CP: Could you tell me about the "protestifying" you talk about? Is there too little of that and too much protesting from Christians?
Claiborne: It does break my heart that too often Christians have been known for what we are against and not what we are for and by what we hate and not who we love. I think it's our responsibility not just to tear down but to build up something more beautiful than what the world offers. The best critique of what's wrong is the practice of something better. Our best prophetic critique of what's happening in the world is the witness of our God and of our community trying to create something more beautiful.
For instance, we had a vigil at a local gun shop in Philadelphia that has notoriously sold guns that have ended up being used for violent crimes in the streets. It's among the worst gun shops in the country. So we had a vigil outside of it. But it wasn't just to protest, trying to shut the place the down. What we were inviting the owner to do was to sign a code of responsibility that's drafted by the national Mayors Association and if he signs that, he hasn't yet, we'll go to his gun shop and we'll have a huge celebration that he has taken advantage of the opportunity to try to lead with integrity and take a step towards responsibility in that. I think we have to create momentum that says we can do better than what we currently have and it moves us towards steps of restoration and redemption rather than just write people off as bad.
CP: You say in the book some follow people because they feel loved not necessarily because those leaders hold truth. Is that what's been happening in the Christian community today and that's why we're seeing many drift away so easily?
Claiborne: I think there's a lot of things happening right now within the church that should raise flags for us. I think that part of what we've done is we thought in order to stay relevant to a new generation we've got to have more drums and drama and high-tech entertainment. The truth is if we lose a generation in the church it won't be because we didn't entertain them but because we didn't dare them and challenge them to really take Jesus seriously in light of the world we live in. Paul talks about speaking truth in love. There's a whole lot of talk of love without truth in it and there's a whole lot of people speaking truth that doesn't have any love or gentleness or compassion in it. So I think that's one of the prayers I pray, that I speak truth in love.
CP: When I view this generation I see them as one willing to give up everything and live a sacrificial life. Is that what you see?
Claiborne: Yes, without a doubt. Within the church, if we don't create opportunities for that then young people are going to go other places to do something meaningful in the world like to the Peace Corps, Teach for America and some of those are great programs but the point being that young people are aware that the world they've been handed is very fragile and they want to do something meaningful with their gifts to change the world. I think that's exactly what God is about – is about taking our gifts and intersecting them with the needs of the world that we live in and that we have a God that doesn't want to change the world without us. That's the invitation. But if we don't get on board with God's invitation as a church then young people are going to go to other places and they're going to give their money to other places if all they see from their money given to the churches is going to build buildings and pay staff then they're going to give it someone that's more responsible.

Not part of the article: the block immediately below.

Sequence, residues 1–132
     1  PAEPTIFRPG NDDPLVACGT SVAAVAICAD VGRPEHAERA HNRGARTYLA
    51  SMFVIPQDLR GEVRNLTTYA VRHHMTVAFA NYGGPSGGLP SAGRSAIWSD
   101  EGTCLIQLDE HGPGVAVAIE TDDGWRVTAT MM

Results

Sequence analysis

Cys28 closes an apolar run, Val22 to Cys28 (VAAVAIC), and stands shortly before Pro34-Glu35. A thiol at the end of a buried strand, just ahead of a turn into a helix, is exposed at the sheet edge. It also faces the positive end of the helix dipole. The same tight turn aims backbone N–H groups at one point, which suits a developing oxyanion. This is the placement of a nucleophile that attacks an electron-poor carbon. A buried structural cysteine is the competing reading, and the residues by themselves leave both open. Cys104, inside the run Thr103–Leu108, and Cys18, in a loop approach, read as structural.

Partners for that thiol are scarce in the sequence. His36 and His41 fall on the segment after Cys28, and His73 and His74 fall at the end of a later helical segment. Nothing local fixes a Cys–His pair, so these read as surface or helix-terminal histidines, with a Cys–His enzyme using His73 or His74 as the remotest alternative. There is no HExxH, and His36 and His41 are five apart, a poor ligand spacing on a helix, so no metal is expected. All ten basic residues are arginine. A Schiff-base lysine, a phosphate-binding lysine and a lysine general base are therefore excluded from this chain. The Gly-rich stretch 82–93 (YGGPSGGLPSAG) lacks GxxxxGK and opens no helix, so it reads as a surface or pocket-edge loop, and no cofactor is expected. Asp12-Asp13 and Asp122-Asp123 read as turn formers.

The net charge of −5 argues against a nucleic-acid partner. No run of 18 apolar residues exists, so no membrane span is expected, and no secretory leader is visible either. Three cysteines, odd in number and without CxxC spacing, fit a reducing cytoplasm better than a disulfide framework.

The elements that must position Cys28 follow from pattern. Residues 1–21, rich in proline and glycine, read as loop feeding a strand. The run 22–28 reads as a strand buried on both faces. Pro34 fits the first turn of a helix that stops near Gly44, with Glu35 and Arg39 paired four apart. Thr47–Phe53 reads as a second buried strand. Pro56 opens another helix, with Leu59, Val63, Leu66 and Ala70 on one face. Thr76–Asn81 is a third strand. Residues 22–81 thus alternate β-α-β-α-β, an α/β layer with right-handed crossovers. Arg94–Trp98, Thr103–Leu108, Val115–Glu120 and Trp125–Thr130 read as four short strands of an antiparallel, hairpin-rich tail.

CP: Why are you so committed to following African American leaders in particular?
Claiborne: Because they're really really wise. Like John Perkins, their wisdom comes out of their life and experience that's different from us. Given the history and the legacy of racism and slavery in this country I think it is both my opportunity and my responsibility to listen and to learn from the other side of history and the people who have suffered from some of my ancestors and also from the continued legacy that racism has left and the scar that it has left on this country.
CP: You're leading the simple way in Philadelphia, you've been to Iraq and you met mother Theresa. What kind of projects are you working on these days or have lined up?
Claiborne: We're writing a book called Common Prayer that is a book of daily prayer. We're hoping that it will be a resource that will help a church pray together across Christian traditions. So we try to highlight ways that different parts of the church pray together. We also use the lectionary in the church calendar alongside the world history calendar so you wake up in April and then you read this is the day that the genocide in Rwanda started so we remember those dates. We remember the dates that Martin Luther King was killed, Mandela was released from prison. It's also got songs from all the different traditions – we have African spirituals, and Mennonite gathering songs and old hymns. Those are all in the prayer book. I think it'll be an important offering to the church. It comes out next year.